When the coronavirus pandemic hit, Flitch closed on March 20, 2020, and didn't open again until Aug. 1 of that year. During that time, Jake "spiraled" into a depression, because he didn't get to be at work, Foster said. It was also during that time that Jake was diagnosed with cancer. Foster and Danziger were told in June 2020 that Jake had about three to four months to live.

"With Flitch reopening in August, he regained his purpose again," Foster said. "His spirit brightened and he just came back to life. ... His energy increased. The taco truck arrived and that added some boost of morale for him."

It was incredible to be hit with such bad news, and then see Jake still find a way to thrive, she said.

Jake's impact

In the days after Flitch announced Jake's death online, the coffee shop received hundreds of messages and comments. Some were from regulars whom Foster and Danziger had developed friendships with, and others were from strangers who had their own relationships with Jake. 

"That happened on its own, and it's just so special that he created such a positive connection with so many people," Foster said. 

Jake's birthday parties were another testament to his popularity. Starting on his fifth birthday, Foster and Danziger would invite friends and family over and grill a steak for Jake. The party would then stand in a circle around Jake, each with a piece of the cut-up steak, and everyone would say something nice about the dog before giving him a bite.

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"I don't know if we've missed a year since, and every year has been bigger than the year before," Foster said. "One year, we invited a few customers who we'd grown a connection to."

People would bring him full bones during Christmastime. His stocking, hung up in a line with those belonging to the Flitch staff during the holidays, was always full.

All of Flitch's employees understood that giving Jake a treat at some point during their shift was part of the gig, Foster said. 

He was deemed "Jake the coffee dog" after a customer once used the term as a hashtag in a social media post. Flitch ran with the moniker, adding it to his collar, using it on their social media accounts and putting Jake's image onto Flitch merchandise.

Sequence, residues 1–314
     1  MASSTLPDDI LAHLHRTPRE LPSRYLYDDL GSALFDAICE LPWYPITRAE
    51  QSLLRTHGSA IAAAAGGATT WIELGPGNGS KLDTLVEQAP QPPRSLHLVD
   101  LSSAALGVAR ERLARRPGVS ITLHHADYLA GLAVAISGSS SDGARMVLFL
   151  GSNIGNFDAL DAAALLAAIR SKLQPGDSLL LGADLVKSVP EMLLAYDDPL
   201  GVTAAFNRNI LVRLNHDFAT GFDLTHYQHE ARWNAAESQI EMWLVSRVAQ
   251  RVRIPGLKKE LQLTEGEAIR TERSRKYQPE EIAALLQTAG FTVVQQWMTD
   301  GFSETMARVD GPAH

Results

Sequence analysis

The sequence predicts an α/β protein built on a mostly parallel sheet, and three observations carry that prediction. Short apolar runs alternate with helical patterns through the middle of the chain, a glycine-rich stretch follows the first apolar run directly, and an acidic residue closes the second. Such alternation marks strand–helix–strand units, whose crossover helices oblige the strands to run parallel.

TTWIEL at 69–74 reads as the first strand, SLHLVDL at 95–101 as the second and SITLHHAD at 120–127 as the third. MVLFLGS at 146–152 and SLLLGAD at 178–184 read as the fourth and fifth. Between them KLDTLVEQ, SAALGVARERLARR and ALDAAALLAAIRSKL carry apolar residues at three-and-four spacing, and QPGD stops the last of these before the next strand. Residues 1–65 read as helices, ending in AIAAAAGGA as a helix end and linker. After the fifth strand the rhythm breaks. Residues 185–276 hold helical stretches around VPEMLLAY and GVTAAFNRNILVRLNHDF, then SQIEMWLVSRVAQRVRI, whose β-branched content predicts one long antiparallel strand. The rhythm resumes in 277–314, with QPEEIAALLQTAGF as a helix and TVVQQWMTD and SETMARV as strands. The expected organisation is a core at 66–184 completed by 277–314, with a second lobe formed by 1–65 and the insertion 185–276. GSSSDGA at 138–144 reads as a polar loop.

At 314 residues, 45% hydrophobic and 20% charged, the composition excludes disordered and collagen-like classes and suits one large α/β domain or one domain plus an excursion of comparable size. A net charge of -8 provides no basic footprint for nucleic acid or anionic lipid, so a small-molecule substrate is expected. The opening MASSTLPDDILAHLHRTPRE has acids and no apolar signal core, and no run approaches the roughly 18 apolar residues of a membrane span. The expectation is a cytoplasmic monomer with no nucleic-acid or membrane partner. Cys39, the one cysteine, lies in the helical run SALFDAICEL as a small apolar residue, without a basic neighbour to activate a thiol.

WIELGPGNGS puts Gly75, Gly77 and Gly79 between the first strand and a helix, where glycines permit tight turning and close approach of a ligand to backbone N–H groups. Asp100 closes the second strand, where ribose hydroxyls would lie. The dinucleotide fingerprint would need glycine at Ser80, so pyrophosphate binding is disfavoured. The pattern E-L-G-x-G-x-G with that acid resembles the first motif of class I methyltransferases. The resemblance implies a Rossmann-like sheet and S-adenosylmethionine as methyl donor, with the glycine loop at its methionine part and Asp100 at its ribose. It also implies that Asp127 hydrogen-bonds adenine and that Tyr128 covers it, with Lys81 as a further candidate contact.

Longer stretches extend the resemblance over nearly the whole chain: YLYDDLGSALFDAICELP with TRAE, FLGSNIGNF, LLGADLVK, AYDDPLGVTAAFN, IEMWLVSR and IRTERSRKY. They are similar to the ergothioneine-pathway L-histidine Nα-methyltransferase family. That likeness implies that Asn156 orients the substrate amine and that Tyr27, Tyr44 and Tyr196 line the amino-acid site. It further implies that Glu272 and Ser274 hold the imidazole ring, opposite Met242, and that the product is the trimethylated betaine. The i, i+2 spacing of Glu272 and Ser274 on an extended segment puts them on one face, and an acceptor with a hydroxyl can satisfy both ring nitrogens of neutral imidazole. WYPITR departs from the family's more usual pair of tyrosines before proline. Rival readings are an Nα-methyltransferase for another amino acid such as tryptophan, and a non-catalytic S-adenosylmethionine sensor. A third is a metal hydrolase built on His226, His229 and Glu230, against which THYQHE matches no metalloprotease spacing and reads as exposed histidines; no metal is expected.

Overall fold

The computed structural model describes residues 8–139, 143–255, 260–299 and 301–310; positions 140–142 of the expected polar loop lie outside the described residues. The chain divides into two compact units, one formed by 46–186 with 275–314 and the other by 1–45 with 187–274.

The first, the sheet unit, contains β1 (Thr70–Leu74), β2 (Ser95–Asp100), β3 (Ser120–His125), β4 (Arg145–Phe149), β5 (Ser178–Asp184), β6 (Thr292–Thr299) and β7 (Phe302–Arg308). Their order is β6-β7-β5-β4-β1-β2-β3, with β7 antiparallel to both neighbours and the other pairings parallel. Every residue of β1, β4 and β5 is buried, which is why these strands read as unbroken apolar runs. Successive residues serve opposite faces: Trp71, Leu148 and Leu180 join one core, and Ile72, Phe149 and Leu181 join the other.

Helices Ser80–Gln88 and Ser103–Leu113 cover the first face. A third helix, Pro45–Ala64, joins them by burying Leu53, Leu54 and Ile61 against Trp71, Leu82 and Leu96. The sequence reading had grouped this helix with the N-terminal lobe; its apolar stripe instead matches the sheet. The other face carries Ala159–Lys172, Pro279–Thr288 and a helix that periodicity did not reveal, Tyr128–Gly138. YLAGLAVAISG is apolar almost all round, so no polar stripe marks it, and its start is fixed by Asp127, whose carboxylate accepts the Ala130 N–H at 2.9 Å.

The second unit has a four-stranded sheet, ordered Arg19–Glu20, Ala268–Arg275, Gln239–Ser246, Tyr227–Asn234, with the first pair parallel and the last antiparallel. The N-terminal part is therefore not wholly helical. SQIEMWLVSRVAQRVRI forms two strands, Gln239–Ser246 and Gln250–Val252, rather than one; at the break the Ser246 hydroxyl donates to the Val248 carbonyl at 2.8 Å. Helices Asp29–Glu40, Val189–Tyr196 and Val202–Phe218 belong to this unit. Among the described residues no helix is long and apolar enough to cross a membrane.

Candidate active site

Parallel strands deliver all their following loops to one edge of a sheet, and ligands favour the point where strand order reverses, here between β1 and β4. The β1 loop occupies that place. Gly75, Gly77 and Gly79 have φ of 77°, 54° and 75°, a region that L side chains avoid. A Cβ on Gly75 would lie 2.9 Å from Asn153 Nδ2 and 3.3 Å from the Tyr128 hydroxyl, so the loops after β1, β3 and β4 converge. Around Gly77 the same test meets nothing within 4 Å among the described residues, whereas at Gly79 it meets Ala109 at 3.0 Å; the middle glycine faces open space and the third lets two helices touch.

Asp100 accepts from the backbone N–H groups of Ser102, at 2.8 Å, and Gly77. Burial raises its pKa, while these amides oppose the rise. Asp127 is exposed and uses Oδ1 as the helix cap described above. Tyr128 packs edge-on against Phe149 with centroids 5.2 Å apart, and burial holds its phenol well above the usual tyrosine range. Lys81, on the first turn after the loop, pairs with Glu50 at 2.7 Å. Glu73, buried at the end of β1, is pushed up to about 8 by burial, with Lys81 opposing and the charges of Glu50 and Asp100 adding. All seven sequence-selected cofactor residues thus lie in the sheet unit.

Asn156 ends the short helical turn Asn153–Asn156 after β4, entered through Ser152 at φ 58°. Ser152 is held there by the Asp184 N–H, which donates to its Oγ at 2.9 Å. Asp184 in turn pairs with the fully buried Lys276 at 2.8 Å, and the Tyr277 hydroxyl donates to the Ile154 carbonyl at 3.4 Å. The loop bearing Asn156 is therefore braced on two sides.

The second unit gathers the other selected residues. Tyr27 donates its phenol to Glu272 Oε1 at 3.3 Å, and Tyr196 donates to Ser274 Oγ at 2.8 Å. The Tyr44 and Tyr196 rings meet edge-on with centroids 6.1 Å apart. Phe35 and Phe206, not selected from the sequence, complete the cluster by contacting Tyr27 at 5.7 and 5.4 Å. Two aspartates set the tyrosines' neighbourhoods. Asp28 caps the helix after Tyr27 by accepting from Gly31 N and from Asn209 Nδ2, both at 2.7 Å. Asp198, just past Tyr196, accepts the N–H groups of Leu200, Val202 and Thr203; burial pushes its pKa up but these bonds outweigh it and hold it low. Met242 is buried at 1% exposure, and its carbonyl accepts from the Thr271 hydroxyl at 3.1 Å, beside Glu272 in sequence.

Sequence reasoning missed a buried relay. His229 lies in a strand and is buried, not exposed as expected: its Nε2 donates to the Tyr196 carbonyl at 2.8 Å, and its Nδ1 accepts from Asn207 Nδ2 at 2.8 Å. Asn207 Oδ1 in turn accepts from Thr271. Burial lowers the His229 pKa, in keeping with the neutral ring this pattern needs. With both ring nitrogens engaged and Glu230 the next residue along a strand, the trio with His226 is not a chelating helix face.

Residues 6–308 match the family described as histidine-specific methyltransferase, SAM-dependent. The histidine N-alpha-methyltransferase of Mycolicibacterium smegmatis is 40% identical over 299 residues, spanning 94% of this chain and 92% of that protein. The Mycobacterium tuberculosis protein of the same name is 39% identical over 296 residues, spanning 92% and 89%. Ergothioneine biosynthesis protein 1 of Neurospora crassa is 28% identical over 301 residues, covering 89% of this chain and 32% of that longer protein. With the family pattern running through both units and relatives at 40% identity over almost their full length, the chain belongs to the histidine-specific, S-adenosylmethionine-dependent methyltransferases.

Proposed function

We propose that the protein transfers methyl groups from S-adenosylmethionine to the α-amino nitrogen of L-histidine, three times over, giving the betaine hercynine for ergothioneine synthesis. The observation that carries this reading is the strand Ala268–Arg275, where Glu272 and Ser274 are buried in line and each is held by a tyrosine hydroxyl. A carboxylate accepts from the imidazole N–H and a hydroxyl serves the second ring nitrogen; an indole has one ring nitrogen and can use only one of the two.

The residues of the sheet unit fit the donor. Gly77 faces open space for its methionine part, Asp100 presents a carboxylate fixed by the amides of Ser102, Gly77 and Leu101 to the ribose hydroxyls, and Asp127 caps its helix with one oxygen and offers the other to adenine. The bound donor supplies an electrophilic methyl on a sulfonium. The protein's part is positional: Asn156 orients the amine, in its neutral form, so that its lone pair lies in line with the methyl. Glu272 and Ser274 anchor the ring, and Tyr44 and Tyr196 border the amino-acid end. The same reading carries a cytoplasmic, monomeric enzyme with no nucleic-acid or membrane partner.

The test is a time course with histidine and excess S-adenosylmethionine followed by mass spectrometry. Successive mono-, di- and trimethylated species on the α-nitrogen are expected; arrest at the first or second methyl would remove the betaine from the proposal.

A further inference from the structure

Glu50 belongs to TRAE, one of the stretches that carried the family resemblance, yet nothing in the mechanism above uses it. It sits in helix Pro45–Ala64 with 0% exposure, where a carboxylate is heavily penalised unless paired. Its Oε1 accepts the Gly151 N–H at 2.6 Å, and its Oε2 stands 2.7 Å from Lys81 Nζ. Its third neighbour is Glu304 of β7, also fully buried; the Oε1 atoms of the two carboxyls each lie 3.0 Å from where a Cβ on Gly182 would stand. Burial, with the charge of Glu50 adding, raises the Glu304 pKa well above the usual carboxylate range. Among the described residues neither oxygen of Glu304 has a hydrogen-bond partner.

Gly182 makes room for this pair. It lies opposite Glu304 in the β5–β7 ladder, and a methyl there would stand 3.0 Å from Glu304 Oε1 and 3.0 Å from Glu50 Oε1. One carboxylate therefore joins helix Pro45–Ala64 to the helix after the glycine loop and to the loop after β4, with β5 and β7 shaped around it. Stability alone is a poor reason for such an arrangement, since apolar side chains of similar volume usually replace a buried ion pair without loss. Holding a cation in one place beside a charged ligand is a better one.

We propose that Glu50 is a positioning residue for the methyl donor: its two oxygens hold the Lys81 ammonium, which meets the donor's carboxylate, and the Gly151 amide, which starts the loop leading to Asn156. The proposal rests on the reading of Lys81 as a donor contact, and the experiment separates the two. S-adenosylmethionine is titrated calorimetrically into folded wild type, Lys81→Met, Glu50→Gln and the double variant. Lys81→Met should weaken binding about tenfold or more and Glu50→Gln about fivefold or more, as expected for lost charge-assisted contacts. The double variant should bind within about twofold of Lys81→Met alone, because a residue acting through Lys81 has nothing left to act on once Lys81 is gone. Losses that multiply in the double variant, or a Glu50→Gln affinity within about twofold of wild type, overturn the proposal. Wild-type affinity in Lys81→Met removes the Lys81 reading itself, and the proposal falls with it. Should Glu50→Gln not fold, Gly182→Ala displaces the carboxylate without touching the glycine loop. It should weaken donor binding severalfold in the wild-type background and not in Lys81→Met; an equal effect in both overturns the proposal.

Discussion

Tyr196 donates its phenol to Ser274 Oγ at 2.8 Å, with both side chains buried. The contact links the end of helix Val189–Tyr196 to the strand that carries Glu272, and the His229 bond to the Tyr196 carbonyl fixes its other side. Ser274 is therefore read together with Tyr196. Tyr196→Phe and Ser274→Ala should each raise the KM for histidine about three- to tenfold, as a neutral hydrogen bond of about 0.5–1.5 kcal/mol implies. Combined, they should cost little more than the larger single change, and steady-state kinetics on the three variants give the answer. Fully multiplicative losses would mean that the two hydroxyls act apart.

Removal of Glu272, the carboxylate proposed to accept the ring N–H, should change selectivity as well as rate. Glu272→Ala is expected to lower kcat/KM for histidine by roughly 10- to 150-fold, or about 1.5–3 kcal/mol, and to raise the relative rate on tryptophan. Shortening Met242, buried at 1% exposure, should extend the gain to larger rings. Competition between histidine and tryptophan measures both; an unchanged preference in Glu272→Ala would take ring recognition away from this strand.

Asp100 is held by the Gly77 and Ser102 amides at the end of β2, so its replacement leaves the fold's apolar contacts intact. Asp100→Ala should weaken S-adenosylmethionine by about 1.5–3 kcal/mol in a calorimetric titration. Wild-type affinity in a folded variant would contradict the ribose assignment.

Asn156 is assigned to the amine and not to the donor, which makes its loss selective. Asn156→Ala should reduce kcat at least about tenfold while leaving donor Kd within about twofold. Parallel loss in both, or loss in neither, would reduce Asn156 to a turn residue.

Jake the dog was instrumental in the meeting of his owners, Erica Foster and Andrew Danziger.

Moving ahead without Jake

On a crisp morning at Flitch on Nov. 5, a little over a week after Jake died, you could hear a man typing and another rubbing his hands together to stay warm. Every now and then, a car door would shut and a person would walk up to the ordering window. A wooden door on the trailer that leads inside creaked as employees walked in and out. 

But you couldn't hear the soft pad of paws on gravel.

At the right side of the deck, in a spot where Jake liked to sit, the Flitch staff set up an altar on a small wooden table. It was covered in marigolds, a painting of Jake, a dog statue, a Jake ornament, candles, a pumpkin, dog treats, rocks and a drawing of Jake licking his lips. The sun caused a glare on the painting.

An employee carried cartons of milk up and down a set of stairs behind Jake's altar. It was almost like he was there. 

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"It's been hard to ... I don't know ... part of what's hard is kind of ongoing," Foster said, her voice cracking into tears. "It's been really incredible to see people reaching out and giving their condolences for his passing. At the same time, we understand Jake isn't just our dog and wasn't just our dog. He was really special to so many people."

Foster said that Jake guided Flitch to where it is now: "He helped cultivate that community and that connection people really see and feel when they're there."

Jake's death is the end of an era at Flitch, but also the start of something new. 

"Almost like his job here is done," Foster said. "He served his purpose to the fullest. He really got us to where we are now."